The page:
Chondrosarcoma: the impact of comorbidity – 30 years of experience from a population-based database including 199 consecutive chondrosarcoma patients
Received 19 February 2019
Accepted for publication 23 July 2019
Published 3 September 2019 Volume 2019:11 Pages 109—116
Checked for plagiarism Yes
Review by Single-blind
Peer reviewers approved by Dr Nicola Ludin
Peer reviewer comments 2
Editor who approved publication: Professor Clark Hung
Ninna Aggerholm-Pedersen1,2, Katja Maretty-Nielsen3, Steen Baerentzen3, Peter Holmberg Jørgensen4, Bjarne Hauge Hansen4, Thomas Baad-Hansen4, Johnny Keller4, Akmal Safwat1
1Department of Oncology, Sarcoma Centre of Aarhus University Hospital, Aarhus, Denmark; 2Department of Experimental Clinical Oncology, Sarcoma Centre of Aarhus University Hospital, Aarhus, Denmark; 3Department of Orthopaedic Surgery, Sarcoma Centre of Aarhus University Hospital, Aarhus, Denmark; 4Department of Pathology, Sarcoma Centre of Aarhus University Hospital, Aarhus, Denmark
Correspondence: Ninna Aggerholm-Pedersen
Department of Oncology, Sarcoma Centre of Aarhus University Hospital, Palle Juul-Jensensens Boulevard 99, Aarhus N 8200, Denmark
Background: Adjustment for comorbidity when investigating potential prognostic factors, especially in elderly cancer patients, is imperative. Patients diagnosed with chondrosarcoma are elderly and more comorbidity is expected for these patients. Demographic changes are awaited in the future resulting in more and more elderly patients with comorbidity. The aims of this study were to characterize patients with chondrosarcoma treated at a single institute and to evaluate various prognostic factors for survival adjusted for comorbidity.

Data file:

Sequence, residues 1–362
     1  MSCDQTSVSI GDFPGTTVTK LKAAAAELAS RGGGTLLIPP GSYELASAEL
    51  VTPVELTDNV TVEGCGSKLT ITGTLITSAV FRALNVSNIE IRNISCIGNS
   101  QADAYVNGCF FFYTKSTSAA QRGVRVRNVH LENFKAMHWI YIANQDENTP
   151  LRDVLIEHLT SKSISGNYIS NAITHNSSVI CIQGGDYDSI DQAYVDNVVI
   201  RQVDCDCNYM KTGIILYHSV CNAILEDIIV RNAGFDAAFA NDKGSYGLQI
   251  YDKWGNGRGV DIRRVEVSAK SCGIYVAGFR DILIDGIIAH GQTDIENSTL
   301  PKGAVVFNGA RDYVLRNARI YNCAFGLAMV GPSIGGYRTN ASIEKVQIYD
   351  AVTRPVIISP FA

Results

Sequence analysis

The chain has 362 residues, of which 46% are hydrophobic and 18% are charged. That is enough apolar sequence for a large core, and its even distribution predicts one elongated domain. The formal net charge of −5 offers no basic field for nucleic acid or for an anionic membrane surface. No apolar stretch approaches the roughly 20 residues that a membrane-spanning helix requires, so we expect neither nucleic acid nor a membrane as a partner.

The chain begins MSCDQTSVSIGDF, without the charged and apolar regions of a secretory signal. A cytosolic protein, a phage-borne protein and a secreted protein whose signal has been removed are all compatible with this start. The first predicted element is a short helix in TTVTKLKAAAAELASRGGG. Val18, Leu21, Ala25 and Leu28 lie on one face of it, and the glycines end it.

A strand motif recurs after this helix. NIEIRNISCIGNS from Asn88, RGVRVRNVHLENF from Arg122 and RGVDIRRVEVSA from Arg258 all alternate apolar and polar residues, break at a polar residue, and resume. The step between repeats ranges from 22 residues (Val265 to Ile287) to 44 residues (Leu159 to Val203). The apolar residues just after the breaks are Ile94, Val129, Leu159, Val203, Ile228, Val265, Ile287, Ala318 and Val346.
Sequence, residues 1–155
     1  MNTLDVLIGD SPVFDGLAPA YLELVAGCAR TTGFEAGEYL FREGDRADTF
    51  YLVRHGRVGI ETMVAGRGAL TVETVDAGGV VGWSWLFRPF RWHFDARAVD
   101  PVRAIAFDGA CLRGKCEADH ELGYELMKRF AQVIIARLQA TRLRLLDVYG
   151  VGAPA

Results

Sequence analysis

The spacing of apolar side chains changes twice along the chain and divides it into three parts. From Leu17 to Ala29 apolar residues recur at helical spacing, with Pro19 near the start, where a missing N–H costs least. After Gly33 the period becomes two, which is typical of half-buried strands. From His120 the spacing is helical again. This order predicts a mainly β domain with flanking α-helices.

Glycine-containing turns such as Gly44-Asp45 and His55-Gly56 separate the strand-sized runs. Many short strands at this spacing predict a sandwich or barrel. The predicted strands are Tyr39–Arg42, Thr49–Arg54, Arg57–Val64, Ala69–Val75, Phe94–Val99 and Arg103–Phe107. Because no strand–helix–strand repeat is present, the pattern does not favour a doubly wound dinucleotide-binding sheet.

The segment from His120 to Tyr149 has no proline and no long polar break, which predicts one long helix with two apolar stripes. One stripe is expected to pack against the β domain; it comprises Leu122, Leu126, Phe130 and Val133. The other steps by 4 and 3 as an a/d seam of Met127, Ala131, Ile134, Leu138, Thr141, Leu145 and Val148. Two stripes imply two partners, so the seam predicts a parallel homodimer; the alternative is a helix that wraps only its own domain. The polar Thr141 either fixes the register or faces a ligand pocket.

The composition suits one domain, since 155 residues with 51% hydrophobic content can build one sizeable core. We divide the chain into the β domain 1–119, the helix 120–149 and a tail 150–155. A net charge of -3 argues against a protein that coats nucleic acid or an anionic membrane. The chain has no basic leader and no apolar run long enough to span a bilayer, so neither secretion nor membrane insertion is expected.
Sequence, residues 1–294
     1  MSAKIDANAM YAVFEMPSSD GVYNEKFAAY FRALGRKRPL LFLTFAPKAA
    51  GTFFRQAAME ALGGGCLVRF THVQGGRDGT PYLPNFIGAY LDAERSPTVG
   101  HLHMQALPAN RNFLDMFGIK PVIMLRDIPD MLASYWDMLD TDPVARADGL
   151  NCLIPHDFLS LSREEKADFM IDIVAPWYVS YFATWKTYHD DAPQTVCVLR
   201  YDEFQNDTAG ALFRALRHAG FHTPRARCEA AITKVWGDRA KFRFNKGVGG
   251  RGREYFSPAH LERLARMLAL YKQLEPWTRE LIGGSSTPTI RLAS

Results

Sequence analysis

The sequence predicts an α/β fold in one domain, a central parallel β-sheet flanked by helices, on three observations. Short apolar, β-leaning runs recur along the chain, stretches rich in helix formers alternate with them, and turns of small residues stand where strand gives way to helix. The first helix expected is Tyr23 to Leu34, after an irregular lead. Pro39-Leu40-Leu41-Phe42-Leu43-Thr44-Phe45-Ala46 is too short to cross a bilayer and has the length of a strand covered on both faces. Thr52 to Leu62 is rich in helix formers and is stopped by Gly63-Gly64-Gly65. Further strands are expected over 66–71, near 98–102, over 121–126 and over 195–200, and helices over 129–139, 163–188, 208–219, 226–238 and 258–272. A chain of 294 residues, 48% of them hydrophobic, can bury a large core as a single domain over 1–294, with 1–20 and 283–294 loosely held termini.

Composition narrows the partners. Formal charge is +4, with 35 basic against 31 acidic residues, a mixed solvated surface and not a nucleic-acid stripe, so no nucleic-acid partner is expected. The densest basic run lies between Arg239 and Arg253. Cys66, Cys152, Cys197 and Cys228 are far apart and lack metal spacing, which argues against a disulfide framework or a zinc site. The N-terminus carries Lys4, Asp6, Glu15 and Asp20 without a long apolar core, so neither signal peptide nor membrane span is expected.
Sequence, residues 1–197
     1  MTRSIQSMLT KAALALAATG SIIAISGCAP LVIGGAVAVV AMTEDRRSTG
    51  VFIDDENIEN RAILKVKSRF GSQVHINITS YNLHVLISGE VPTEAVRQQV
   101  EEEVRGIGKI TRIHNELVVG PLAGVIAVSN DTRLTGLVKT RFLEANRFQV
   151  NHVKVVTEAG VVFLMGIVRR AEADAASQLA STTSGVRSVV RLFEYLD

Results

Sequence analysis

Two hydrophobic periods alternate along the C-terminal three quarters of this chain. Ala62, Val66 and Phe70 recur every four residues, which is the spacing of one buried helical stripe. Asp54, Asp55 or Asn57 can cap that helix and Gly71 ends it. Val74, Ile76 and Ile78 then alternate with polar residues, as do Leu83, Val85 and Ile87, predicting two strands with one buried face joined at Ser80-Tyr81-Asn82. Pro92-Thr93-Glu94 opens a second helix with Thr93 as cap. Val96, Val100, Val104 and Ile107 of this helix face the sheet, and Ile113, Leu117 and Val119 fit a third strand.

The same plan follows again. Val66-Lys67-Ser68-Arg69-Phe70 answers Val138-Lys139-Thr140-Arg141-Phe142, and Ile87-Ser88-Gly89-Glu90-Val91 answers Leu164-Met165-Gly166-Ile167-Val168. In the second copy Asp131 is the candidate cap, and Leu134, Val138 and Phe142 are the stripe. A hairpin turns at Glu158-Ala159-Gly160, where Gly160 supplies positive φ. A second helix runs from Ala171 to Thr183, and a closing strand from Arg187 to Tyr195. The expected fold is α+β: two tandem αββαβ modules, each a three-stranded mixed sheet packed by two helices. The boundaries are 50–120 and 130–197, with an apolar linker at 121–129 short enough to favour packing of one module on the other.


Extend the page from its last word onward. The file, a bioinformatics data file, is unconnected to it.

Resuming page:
Material and methods: Between 1979 and 2008, 199 patients were treated at the Sarcoma Centre of Aarhus University Hospital, for chondrosarcoma. The incidence was calculated as a WHO age-standardized incidence rate (IR) per million per year. The endpoints were overall mortality and disease-specific mortality. Possible prognostic factors were analyzed for patients with intermediate/high-grade localized tumors by the uni- and multivariate Cox-proportional hazard method.
Results: The WHO age-standardized IR in western Denmark in the period 1979–2008 was 2.4/million inhabitants/year (95% CI: 2.2;2.6). The 5-year overall and disease-specific mortality for the 199 patients were 29% (95% CI: 23;36) and 22% (95% CI: 16;27), respectively. The 5-year disease-specific mortality for patients with metastatic disease was significantly higher than for patients with localized disease. The median time to relapse was 2.0 years. Patients who relapse within 1 year after the primary diagnosis have a significantly higher 5-year overall mortality compared to patients who relapse after 1 year. The presence of comorbidity and high-grade tumors were independent prognostic factors for both the overall mortality and the disease-specific mortality of chondrosarcoma patients.
Conclusion: Patients with comorbidity had a significantly increased overall mortality and disease-specific mortality. We found that adjusting for comorbidity is important when investigating a cohort of elderly patients.
Keywords: chondrosarcoma, comorbidity, prognostic factors
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